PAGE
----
Comment 9 Li-Wen Hsu freebsd_committer 2020-02-18 18:47:18 UTC
(In reply to Adam Weinberger from comment #8)
Yes, I've been saying that we used to have that mechanism and we need to revive it in comment 1 and 3.  I just said that could be a temporarily workaround before we have that nice script running.  I also said that (privately) filing ticket is not necessary and we can simply pause removing the ports for a little while, just before we can notify the maintainers.

We will lost ports and maintainers if we silently remove their ports.
Comment 10 Michael Gmelin freebsd_committer 2020-02-18 19:26:48 UTC
(In reply to Li-Wen Hsu from comment #9)

(In reply to Li-Wen Hsu from comment #9)

For the ports I maintain I would like to have a PR opened in bugzilla
like you suggested; assigning it to the maintainer and escalating
it should then work automatically through existing mechanisms.

BROKEN PRs could be searched for easily. They could also be referred to in
the commit message when a broken port is fixed or when it is removed.

I'm not sure if this will work for everyone and if it isn't too heavy/
would lead to bugzilla spam & create more noise and work for everyone.

Maybe some notification à la portscout might be less intrusive.
Comment 11 Adam Weinberger freebsd_committer 2020-02-18 19:29:45 UTC
(In reply to Michael Gmelin from comment #10)

Filing a PR for every BROKEN/DEPRECATED is not feasible.
Comment 12 Michael Gmelin freebsd_committer 2020-02-18 19:47:02 UTC
(In reply to Adam Weinberger from comment #11)

Too much noise in bugzilla?
Comment 13 Michael Gmelin freebsd_committer 2020-02-18 20:34:28 UTC
(In reply to Michael Gmelin from comment #12)

@Adam: I mean:
(1) Too much work to create them?
(2) Too much noise/overhead?

(1) could be fixed by creating PRs automatically (I don't know
enough about the infrastructure to understand if this
is way too much work), but it's probably more about (2)

What about extending portscout to check if a port was marked
BROKEN and inform the maintainer about it once? In cases where
there is an updated version available upstream there might even
be some synergy.

portscout already checks the entire ports tree and has
a web based interface one can use to check the status of all
ports by maintainer. Once implemented, deploying such a
feature should be trivial, as there won't be new infrastructure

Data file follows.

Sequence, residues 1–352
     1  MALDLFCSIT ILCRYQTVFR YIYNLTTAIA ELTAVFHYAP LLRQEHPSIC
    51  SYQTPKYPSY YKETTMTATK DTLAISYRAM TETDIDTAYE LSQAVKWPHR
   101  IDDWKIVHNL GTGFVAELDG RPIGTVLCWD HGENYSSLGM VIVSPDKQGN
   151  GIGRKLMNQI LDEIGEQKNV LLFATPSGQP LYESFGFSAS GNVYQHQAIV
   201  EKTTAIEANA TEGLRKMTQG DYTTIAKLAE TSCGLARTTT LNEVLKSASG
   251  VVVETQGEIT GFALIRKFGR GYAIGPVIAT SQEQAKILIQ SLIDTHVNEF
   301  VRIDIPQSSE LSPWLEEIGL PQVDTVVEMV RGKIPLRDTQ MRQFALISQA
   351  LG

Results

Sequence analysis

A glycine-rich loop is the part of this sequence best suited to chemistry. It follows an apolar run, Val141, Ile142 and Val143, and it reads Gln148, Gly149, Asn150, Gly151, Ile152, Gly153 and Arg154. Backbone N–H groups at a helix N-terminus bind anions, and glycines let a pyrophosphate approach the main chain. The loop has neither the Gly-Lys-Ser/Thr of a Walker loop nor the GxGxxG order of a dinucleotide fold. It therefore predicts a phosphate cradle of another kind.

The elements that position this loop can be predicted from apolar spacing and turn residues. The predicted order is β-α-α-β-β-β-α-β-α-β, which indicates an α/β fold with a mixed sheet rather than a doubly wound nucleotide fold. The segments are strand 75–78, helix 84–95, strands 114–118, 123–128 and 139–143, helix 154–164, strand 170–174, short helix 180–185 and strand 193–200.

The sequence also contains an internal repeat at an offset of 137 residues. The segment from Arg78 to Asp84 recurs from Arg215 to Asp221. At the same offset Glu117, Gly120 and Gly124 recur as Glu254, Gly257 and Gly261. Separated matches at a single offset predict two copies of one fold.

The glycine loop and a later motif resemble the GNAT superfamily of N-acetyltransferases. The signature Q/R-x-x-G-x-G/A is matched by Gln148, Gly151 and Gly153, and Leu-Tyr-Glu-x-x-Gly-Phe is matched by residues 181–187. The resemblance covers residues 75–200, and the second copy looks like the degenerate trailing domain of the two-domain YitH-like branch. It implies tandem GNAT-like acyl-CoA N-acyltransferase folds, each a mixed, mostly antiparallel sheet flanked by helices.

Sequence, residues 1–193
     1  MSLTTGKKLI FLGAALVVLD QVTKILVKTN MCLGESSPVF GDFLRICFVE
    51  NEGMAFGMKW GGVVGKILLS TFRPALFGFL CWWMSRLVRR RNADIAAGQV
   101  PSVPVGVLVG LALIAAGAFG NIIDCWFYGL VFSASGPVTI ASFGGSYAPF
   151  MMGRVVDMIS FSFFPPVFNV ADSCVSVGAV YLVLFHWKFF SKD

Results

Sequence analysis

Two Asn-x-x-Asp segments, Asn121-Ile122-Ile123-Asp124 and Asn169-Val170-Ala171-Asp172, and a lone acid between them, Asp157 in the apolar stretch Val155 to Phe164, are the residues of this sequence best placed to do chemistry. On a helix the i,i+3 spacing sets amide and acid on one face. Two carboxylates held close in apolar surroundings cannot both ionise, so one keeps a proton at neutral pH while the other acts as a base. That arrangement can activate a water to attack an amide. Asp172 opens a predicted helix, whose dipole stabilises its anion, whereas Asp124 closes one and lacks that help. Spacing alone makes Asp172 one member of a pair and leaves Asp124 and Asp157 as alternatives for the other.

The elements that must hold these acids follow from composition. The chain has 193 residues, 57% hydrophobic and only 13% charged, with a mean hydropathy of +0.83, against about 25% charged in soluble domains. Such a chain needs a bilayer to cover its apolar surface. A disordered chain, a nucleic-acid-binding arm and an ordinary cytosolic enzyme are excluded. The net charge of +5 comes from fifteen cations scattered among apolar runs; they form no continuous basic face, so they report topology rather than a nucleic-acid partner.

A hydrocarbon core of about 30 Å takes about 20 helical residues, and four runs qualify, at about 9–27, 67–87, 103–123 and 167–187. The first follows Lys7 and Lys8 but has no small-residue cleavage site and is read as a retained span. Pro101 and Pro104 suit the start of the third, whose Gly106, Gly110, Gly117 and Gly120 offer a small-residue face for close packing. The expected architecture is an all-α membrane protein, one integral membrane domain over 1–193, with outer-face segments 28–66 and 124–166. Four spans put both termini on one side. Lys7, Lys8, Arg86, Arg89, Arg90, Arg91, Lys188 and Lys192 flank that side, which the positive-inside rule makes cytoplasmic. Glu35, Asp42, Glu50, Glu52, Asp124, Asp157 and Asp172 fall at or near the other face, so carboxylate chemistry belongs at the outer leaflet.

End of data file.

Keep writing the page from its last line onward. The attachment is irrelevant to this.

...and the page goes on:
to be commissioned.
Comment 14 Jan Beich freebsd_committer 2020-02-19 11:08:41 UTC
(In reply to Li-Wen Hsu from comment #1)
> I've contacted portmgr to pause removing ports a little bit
> and firstly revive the "your port has been marked broken"
> and "your port is scheduled to be removed" notification mails.

linimon@, do you know why those portsmon periodic notifications were disabled?

Examples:
https://lists.freebsd.org/pipermail/freebsd-ports/2015-May/099080.html
https://lists.freebsd.org/pipermail/freebsd-multimedia/2015-May/016085.html
Comment 15 Rene Ladan freebsd_committer 2020-02-19 21:22:18 UTC
(In reply to Yuri Victorovich from comment #0)

So, this also implies that you did not care to look after graphics/vv for all of those six points, making your point pretty moot.

In reality, a lot of ports that we tend to clean up are already neglected for a long time anyway. I mean, all of the ports that only work with Python 2.7 clearly have an upstream that did not care about their software either, as Python 2.7 was deprecated for years before it finally reached its end of life this year. And there are many more examples, both from upstream and FreeBSD maintainers.

A few have PRs filed against them and I tend to fix those ports, given those PRs contain a usable fix, suggestion or patch. Also, people are always welcome to fix and resurrect removed ports.

From all the suggestions I think the portscout and email options would be the best ones.
Comment 17 Rene Ladan freebsd_committer 2020-02-19 21:53:56 UTC
(In reply to Rene Ladan from comment #15)

"six points" -> "six months" ...

Two more points:
- removing expired ports is not a portmgr job, I just happen to wear both hats.
- most expired ports will be removed before 2020Q2 is branched, independent of the progress on this PR.
Comment 18 Mathieu Arnold freebsd_committer 2020-02-19 22:03:03 UTC
Also, if you want to get a notification when your port gets a commit, like, say, someone fixes something, or marks it broken, or whatever, you only need to register on freshports.org and subscribe to your ports.
Comment 19 Li-Wen Hsu freebsd_committer 2020-02-19 22:08:47 UTC
(In reply to Antoine Brodin from comment #16)
Thanks for pointing this out. I guess there might be some miscommunication in that case.

To be clear. I am not saying portmgr or anybody is doing anything wrong, and in fact these cleanup are important and should be appreciated.  I just want to provide suggest and help to see if we can improve the situation.  I believe the goal of all of us are fixing ports.  The issue here is some of us thought there is no one interested in some ports anymore but in fact they want to fix and just didn't know.  And if we can publish the status (of BROKEN/DEPRECATED), more people will join the efforts.  Just like there is usually public announcement when we removing things under src/.

I was wanting let's try some more ways before deleting things.  I know resurrecting ports is possible, but please note that this is harder than fixing it while it's still in the tree.

More communication is better in the most cases.